We’re very excited to have our next round of conditioning workshops close to fruition – in an exciting new venue and with brand new formats!

    To whet your appetite, here are some photos from previous courses:

    Here we’re challenging our friend’s core stability by making him balance with his front legs on a foam cushion while Naomi gently pulls him off-centre with therapy band. Mum is keeping his head up high with a yummy treat to help ensure his back is in the right position to switch his core muscles on properly.

    This picture shows one of our tinier friends, Maddie, working hard to build abs of steel! She’s demonstrating a ‘puppy sit-up’, which strengthens the abdominal oblique muscles just like oblique crunches do in people! If you look closely, you’ll see that Mum has increased the difficulty by holding Maddie’s lower arm off the ground – no cheating by pushing through her elbow for Maddie!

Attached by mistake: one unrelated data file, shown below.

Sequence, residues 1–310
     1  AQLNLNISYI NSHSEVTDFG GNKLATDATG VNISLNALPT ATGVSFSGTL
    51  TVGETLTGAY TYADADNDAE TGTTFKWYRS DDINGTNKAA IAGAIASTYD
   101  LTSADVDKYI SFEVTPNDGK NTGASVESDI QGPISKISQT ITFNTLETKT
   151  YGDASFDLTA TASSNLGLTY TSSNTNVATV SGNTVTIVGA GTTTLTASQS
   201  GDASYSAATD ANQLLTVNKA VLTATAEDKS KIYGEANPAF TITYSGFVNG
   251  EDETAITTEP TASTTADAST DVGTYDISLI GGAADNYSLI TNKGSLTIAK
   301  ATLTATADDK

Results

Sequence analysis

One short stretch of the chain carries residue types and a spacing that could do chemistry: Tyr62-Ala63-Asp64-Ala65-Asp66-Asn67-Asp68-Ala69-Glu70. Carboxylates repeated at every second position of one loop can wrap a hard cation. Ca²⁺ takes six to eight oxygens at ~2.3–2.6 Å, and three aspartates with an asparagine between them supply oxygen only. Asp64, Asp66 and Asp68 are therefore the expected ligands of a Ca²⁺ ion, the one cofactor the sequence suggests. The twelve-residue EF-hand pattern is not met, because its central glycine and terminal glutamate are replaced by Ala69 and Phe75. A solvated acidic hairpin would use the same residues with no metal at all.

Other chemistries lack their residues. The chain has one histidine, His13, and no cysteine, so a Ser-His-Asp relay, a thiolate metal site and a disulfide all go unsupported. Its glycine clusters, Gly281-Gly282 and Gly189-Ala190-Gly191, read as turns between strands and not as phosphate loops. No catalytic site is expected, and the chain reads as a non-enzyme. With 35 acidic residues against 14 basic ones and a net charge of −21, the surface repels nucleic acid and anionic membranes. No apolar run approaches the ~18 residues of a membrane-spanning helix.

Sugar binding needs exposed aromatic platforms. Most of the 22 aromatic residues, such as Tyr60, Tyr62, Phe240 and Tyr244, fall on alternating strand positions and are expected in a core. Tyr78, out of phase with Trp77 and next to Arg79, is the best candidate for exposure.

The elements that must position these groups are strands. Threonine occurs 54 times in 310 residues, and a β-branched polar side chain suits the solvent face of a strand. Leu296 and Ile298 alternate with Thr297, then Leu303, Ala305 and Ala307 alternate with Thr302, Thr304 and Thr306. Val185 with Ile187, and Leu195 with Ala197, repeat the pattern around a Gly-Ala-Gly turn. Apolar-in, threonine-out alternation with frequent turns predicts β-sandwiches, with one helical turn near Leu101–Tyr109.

High level athletes need to know exactly where each of their legs are at every moment – if they don’t, their injury risk is increased and their performance is likely to suffer. In this photo, you can see how our friend has to negotiate not only obstacles, but also on a variety of different surfaces and while turning direction! Of course, being a Border Collie, our friend can multitask and eat a treat at the same time!

    Count me in!

    Register your interest in our Canine Conditioning Courses today! To add your name to our waiting list, please fill in this form with your dog’s name, age and sport, and your contact details.

    When our dates and venue are finalised, you will be one of the first people to know!

      Your name (required):